A new study found that diets inducing obesity alter dopamine receptors that suppress the natural impulse to move around.
Obesity has always been linked to physical inactivity, but the new research suggests that overweight alone is not causing sedentarism in obese people. The study explains why obese people have a more difficult time moving around and feeling motivated in doing so. Dopamine is in charge of a center of movement control and reward-seeking behavior, and if affected, people lose interest in physical activity and the rewards it could bring. The research was published December 29 in Cell Metabolism.
The study’s senior author Alexxai V. Kravitz, an investigator in the Diabetes, Endocrinology, and Obesity Branch at the National Institute of Diabetes and Digestive and Kidney Disease -both institutions are part of the National Institutes of Health- found similarities in obese mice and mice with Parkinson’s disease. Kravitz had studied Parkinson’s before, and when he began to study obesity, the similarities made him think that the reason why obese mice did not move around as much as thin mice could be due to a defect in their dopamine system.
Kravitz stated that physical activity is linked to overall good health, but it has not been studied why people or animals with obesity are less active since it is assumed overweight does not let them be more physically active. The study hypothesized that overweight alone does not cause obese people to adopt a sedentary routine.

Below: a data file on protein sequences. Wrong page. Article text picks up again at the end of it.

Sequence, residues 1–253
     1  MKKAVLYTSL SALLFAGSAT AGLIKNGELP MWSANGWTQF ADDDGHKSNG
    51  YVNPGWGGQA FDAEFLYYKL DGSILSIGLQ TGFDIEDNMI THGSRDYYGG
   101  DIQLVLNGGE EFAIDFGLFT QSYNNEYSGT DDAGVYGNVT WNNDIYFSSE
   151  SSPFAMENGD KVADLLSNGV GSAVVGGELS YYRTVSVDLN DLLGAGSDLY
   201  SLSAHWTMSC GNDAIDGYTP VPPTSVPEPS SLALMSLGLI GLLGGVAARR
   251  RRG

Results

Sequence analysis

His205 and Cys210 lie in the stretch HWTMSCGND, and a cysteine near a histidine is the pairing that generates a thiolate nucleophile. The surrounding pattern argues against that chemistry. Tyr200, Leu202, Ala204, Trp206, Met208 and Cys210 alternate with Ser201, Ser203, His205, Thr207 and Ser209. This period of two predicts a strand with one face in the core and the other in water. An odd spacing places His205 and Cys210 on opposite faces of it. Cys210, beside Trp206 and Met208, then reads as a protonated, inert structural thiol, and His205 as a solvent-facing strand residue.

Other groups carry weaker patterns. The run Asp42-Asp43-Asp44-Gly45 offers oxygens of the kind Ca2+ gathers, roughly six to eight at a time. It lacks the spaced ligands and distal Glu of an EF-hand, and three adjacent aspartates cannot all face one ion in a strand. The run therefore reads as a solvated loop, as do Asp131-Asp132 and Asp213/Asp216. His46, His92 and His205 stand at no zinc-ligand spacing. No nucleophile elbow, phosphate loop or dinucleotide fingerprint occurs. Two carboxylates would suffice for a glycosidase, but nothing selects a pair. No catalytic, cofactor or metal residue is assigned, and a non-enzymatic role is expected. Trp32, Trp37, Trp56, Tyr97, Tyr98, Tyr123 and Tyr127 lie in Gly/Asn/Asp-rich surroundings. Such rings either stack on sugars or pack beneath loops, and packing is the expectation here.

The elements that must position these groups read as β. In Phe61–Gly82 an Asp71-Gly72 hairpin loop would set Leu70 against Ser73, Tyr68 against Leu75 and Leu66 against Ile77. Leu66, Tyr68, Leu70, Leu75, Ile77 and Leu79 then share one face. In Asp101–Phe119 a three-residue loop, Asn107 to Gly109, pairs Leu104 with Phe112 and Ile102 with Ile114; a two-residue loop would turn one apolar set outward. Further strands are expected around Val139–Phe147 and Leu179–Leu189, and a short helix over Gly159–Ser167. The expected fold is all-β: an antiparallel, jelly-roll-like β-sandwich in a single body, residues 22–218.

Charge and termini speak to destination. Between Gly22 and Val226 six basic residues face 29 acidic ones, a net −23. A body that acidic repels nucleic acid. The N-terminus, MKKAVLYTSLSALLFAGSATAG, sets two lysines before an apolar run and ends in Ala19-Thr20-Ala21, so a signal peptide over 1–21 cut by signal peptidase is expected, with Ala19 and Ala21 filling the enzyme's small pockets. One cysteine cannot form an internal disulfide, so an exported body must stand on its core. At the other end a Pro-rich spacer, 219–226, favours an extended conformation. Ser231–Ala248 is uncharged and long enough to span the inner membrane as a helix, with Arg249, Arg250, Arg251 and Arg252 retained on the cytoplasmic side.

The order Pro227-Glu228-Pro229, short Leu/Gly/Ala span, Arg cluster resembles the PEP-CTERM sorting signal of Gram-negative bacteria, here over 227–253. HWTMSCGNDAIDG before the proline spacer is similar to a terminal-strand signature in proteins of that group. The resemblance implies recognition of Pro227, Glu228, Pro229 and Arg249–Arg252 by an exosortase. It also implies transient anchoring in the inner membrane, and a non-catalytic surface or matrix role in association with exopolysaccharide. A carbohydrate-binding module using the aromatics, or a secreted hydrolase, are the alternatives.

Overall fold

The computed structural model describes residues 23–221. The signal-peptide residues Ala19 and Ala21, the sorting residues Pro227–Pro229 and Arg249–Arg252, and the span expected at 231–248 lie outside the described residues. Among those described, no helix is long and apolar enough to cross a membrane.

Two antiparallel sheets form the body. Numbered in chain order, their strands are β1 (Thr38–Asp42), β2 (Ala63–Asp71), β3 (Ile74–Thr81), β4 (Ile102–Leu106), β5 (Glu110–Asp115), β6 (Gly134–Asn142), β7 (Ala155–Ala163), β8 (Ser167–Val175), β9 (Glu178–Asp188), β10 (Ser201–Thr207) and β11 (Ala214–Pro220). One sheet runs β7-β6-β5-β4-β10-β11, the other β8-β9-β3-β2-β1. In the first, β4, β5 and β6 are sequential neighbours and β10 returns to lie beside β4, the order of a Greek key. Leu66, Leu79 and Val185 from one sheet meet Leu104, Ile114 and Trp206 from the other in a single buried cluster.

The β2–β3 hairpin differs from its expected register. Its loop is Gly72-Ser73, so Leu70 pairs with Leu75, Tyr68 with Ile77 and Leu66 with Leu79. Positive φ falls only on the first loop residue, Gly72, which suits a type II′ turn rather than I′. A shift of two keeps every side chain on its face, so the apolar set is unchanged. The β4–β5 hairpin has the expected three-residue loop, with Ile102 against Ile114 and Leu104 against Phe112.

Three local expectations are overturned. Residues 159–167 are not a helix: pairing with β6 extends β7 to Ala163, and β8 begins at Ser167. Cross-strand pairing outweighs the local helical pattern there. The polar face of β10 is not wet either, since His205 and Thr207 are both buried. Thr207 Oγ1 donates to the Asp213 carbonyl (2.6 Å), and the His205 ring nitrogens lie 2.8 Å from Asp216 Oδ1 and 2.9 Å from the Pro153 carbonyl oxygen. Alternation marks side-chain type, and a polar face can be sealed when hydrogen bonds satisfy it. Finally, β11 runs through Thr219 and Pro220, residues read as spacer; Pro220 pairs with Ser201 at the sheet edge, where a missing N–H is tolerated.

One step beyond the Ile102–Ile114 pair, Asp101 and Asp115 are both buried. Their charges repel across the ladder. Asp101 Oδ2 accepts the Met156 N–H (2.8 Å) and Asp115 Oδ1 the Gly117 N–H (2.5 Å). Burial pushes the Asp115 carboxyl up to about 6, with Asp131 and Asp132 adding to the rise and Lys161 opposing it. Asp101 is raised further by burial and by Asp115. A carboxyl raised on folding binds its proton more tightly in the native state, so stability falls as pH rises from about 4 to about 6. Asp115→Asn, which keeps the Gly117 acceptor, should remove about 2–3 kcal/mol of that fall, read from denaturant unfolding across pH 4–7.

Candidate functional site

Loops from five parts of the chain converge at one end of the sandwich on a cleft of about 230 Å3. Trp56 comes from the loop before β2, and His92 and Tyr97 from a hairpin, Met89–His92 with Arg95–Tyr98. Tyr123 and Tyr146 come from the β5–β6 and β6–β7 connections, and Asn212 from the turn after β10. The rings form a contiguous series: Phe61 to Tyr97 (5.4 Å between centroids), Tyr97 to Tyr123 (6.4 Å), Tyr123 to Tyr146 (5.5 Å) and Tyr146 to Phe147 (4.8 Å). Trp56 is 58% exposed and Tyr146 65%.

“Other studies have connected dopamine signaling defects to obesity, but most of them have looked at reward processing–how animals feel when they eat different foods,” Kravitz says. “We looked at something simpler: dopamine is critical for movement, and obesity is associated with a lack of movement. Can problems with dopamine signaling alone explain the inactivity?”
Studying obese mice and their dopamine levels
The experiment divided mice into groups: one that was fed a high-fat diet for 18 weeks, and another one on a regular diet to serve as a control group. Beginning in the second week, mice consuming an unhealthy diet already had higher body weight. By week four, mice spent less time moving and if they moved, they did it slower than the control group.
The study highlights that the mice on high-fat diet moved less before they gained the majority of the weight, suggesting overweight alone is not responsible for reduced movements in the animals.
Based on the similarities with Parkinson’s disease previously observed, researchers looked at six different components in the dopamine signaling pathway. The results showed that the obese mice had deficits in the D2 dopamine receptor.
The team also analyzed the connection between inactivity and weight gain to determine if the relationship was causative. They used mice engineered to have the same effect in the D2 receptor and discovered that those mice did not gain weight more readily on a high-fat diet, despite their lack of inactivity, the study explained. The results suggest that mice start to gain weight once they start moving less.
Kravitz stated that willpower is invoked as a way to modify behavior, but it has not been studied yet what are the physical basis for that behavior, adding that it is difficult to say that willpower will solve obesity and other problems alone.
He believes that studying the physiological causes of why people with obesity move less will reduce the stigma associated with the disease and will help affected people to start losing weight.
Source: News Medical